How The Environment And Behaviour Affect A Person’s Sleep?

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The importance of good quality sleep is not a new concept for us. A greek physician once said, “Disease exists if either sleep or watchfulness be excessive”. The truth has not changed now as it was back then: sleep is still a very vital part of our health and wellbeing. Get enough sleep, and you will be fully charged with your energy levels. On the other hand, get too little of it and be ready to mess everything up while also putting yourself at risk of many diseases from depression to diabetes.


How The Environment And Behaviour Affect A Person’s Sleep

Sleep deprivation is now very common in almost every developed or developing countries. People are so much engulfed in their work and social workload that they are lacking the daily necessity of getting a necessary amount of rest or just a basic rejuvenating sleep.

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Importance of Quality Sleep

Getting less amount of sleep – which may be voluntary or due to some uncomfortable feeling in your body like insomnia, sleep apnea, or restless legs syndrome poses a severe threat to your physical, emotional, social and mental health. Reports suggest that not getting enough sleep will affect your work, mental tiredness, concentration, forgetfulness, irritability, energy, social functioning, and daytime sleepiness. Conversely, research also shows that getting a good quality of sleep every day will provide you myriad benefits from energizing the start of your day to your social and overall wellbeing. It also says that:-

  • It improves the quality of life
  • Boosts the immunity
  • Helps you perform better everywhere
  • Make your memory sharp
  • Diseases the risk of diabetes
  • Prevents all sorts of cardiovascular problems
  • Decrease the risk of an early death

How environmental conditions impact your sleep?

Your surrounding conditions can very much impact your sleep. Conditions such as noise level, temperature, electronic distraction, bed comfort, and lighting play a very significant role in your overall sleep pattern and sleep-related wellness. For instance, a recent Israeli study on a bunch of 8th and 9th-grade students showed that those kids with excessive electronic technology habit experienced more problems like daytime sleepiness, low levels of energy than the ones who are used to get a good night’s sleep every day. The study also found out that kids who had a television in their own room went to bed later in the night than the ones who didn’t have one.  From this, the researchers concluded that there is a dire need of raising a public welfare concern regarding the functioning and lifestyle of current generation kids.

The amount of environmental noise is another important factor when we discuss about influential factors of your sleep. Research says that surroundings with a high level of noise during sleep – whether from neighbors or disturbances inside your own home or traffic can decrease the amount of sleep, causing you to wake multiple times at night. This may result in the secretion of stress hormones more than the normal level in your body, causing you to stress more. According to a German scientist Kohlhuber, the consequences of this poor sleep cycle can go far beyond just short term complications. It will not only decrease your general tiredness and cognitive performance but not getting enough sleep for a very long period of time may result in many heart diseases like heart attack and can increase the need for medication for a person.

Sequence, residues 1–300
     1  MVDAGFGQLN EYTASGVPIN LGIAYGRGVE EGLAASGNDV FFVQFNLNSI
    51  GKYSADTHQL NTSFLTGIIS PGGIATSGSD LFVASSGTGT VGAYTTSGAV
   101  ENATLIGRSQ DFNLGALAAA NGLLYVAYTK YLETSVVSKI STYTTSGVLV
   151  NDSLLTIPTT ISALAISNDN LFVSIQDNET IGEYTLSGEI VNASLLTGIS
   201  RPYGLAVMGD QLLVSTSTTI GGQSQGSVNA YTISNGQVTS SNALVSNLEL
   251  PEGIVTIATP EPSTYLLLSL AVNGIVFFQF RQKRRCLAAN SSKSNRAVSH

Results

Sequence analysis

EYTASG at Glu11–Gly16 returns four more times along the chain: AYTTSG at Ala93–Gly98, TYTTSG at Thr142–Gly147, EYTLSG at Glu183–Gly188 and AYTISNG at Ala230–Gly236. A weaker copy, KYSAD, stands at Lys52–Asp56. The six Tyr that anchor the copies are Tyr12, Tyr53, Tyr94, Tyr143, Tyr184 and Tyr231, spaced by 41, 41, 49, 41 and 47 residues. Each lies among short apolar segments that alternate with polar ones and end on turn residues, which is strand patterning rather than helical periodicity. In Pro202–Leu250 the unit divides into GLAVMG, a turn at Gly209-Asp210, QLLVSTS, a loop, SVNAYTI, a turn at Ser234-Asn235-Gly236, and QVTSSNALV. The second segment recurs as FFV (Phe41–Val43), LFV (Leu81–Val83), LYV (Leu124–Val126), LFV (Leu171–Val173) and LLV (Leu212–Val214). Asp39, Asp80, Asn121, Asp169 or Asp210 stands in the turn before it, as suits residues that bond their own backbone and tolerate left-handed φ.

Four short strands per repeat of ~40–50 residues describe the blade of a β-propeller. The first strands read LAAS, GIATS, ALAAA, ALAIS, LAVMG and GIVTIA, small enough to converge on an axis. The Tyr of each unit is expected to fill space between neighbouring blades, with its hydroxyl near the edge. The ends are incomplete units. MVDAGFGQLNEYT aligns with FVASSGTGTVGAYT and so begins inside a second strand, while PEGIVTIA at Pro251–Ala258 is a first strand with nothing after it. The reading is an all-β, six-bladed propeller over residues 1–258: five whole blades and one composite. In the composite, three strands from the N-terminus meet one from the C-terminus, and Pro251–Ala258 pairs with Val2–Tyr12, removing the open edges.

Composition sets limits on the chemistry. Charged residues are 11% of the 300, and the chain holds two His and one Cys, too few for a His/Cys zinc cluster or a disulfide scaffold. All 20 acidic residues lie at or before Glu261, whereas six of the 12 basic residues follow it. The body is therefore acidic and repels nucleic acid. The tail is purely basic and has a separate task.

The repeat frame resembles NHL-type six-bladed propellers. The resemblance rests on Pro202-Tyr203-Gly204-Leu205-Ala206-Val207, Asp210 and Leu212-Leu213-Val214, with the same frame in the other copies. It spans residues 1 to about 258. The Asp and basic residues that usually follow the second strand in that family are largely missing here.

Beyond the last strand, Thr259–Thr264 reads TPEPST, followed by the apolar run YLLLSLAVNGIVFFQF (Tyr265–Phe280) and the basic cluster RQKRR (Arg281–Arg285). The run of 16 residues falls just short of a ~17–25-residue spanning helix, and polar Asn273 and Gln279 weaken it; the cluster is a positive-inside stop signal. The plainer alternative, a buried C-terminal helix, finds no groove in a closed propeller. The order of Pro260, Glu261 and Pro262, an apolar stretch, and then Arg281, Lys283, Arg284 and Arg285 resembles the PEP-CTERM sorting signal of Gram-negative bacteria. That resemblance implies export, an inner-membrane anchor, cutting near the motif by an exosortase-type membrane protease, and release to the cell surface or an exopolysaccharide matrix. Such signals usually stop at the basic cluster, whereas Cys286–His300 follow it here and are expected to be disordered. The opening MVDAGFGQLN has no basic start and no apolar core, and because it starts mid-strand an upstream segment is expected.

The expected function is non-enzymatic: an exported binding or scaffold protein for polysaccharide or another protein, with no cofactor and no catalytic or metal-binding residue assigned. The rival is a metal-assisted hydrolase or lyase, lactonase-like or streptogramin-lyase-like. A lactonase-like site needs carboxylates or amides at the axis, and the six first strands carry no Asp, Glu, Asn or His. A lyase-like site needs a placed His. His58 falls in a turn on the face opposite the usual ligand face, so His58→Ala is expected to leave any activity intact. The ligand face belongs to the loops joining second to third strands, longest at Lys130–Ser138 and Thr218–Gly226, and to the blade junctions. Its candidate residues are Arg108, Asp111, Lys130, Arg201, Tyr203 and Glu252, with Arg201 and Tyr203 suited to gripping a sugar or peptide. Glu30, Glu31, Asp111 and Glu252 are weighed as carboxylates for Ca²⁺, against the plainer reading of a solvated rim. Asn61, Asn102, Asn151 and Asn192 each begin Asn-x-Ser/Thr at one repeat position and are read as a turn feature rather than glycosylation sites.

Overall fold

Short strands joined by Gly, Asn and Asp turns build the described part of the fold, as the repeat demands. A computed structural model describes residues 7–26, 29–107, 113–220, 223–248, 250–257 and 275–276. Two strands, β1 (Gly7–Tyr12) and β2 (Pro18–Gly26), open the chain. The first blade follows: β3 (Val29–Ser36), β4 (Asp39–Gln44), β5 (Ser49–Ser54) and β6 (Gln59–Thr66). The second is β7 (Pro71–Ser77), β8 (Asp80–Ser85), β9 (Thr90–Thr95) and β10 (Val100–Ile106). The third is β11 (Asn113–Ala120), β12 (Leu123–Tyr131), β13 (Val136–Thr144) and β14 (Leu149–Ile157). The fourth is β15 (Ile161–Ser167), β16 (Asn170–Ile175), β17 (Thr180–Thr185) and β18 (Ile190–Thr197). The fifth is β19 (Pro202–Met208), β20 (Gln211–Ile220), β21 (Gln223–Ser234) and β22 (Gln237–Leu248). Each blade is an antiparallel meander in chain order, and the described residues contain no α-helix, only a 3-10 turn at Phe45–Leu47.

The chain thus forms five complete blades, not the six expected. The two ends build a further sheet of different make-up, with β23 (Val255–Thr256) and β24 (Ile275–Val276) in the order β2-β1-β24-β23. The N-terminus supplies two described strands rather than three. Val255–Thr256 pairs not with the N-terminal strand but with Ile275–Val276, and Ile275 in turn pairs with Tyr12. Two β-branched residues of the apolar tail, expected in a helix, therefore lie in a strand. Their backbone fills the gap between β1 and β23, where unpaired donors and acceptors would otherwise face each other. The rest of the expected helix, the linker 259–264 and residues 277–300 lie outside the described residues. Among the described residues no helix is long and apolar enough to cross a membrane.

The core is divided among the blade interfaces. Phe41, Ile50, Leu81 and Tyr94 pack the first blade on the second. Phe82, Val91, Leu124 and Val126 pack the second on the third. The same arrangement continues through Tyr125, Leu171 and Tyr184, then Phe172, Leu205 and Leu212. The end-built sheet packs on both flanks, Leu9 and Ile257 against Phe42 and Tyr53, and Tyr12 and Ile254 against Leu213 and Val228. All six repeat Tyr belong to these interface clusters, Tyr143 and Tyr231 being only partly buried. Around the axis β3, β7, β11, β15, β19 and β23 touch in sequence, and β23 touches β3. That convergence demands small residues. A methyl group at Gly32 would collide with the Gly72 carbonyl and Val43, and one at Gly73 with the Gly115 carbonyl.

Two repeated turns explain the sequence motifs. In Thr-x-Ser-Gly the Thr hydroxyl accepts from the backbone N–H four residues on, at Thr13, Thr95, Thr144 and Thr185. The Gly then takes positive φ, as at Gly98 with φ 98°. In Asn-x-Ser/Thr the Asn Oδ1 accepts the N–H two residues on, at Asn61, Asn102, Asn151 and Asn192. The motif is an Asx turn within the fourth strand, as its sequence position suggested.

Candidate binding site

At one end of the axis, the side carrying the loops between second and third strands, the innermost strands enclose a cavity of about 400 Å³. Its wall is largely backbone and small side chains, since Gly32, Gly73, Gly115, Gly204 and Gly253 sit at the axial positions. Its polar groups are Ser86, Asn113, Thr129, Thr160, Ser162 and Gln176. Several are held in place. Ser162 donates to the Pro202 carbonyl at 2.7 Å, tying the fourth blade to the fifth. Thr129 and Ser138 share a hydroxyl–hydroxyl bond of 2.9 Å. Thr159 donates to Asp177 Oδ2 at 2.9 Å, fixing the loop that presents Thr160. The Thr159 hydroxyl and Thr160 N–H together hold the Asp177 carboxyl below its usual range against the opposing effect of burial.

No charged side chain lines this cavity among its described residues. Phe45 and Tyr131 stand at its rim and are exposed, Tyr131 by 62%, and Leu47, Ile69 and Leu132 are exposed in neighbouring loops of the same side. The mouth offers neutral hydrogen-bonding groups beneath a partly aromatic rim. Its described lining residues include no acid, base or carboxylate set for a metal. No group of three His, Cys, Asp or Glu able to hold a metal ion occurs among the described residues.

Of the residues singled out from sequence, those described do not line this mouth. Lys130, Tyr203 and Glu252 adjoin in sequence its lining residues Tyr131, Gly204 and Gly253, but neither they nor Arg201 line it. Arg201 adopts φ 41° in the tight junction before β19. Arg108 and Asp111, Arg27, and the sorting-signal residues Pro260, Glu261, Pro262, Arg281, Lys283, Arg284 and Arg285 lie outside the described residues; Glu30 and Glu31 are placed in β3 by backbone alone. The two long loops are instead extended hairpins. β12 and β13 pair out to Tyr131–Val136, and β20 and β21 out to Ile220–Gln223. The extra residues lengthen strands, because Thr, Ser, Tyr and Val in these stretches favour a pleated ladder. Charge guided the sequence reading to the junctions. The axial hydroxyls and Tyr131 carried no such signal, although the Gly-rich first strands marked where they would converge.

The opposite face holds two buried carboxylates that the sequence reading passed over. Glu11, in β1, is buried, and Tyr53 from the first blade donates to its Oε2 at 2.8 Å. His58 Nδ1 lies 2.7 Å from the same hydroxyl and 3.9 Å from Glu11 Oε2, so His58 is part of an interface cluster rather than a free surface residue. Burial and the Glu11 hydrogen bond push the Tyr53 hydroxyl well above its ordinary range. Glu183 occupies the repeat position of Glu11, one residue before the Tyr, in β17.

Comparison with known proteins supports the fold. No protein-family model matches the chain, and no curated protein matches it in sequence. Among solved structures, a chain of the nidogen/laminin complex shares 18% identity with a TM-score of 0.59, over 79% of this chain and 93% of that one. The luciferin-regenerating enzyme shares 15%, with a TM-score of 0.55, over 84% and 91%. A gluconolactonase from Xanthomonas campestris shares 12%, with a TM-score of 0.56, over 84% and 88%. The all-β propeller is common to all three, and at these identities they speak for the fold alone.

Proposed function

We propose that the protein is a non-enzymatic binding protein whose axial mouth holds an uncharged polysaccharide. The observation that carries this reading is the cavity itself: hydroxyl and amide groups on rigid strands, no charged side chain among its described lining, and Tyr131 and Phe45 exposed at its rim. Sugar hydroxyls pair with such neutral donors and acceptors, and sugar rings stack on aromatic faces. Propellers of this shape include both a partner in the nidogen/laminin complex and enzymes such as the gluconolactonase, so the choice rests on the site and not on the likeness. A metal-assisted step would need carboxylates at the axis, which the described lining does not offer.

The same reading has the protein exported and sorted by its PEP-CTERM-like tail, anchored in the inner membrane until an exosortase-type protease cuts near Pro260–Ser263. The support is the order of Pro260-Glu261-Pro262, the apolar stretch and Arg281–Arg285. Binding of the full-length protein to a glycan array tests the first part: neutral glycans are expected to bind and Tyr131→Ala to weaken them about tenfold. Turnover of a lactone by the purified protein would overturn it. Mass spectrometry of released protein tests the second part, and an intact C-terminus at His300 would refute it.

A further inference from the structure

Lighting can also cause loss of sleep because our body tends to adjust itself according to the changes in surroundings we observe. Therefore it’s not a new fact that our body winds down itself as soon as we lower the brightness levels of our rooms. Bright lights trick our body into thinking that it’s still day time, and hence it delays the body clock.

There are several methods to decrease environmental distractions to get a good night’s sleep. Try to make your bedroom free from any unnecessary noises and lighting to improve the odds of sound sleep. You can also follow these suggestions while making your bed:-

  • Turn out the lights in time
  • Turn down the volume of everything
  • Adjust the thermostat according to your comfort
  • Protect your bed from insects.
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Dr. John Augustine received his BA from Harvard College magna cum laude in 1987 and his Ph.D. and MD degrees from the Albert Einstein College of Medicine in 1992 and 1993. He was then an intern and resident in Internal Medicine at the Yale-New Haven Hospital from 1993-1995. From 1995-1998, John was a clinical associate at the National Cancer Institute. He joined the faculty of the Duke University Medical Center in 2008 as Chief of Rheumatology at the Durham VA Hospital, a position he held until the end of 2017. He served as Chief of Rheumatology and Immunology at Duke from 2003-2008. He has conducted basic and translational research in the field of autoimmunity. He was focusing on the pathogenesis of systemic lupus erythematosus (SLE) and the immunological properties of nuclear macromolecules, including DNA. More recently, he has investigated the immune activities of HMGB1, a nuclear protein with alarmin activity, as well as microparticles. These studies have provided new insights into the translocation of atomic molecules during cell activation and cell death and the mechanisms by which cell death can influence innate immunity.


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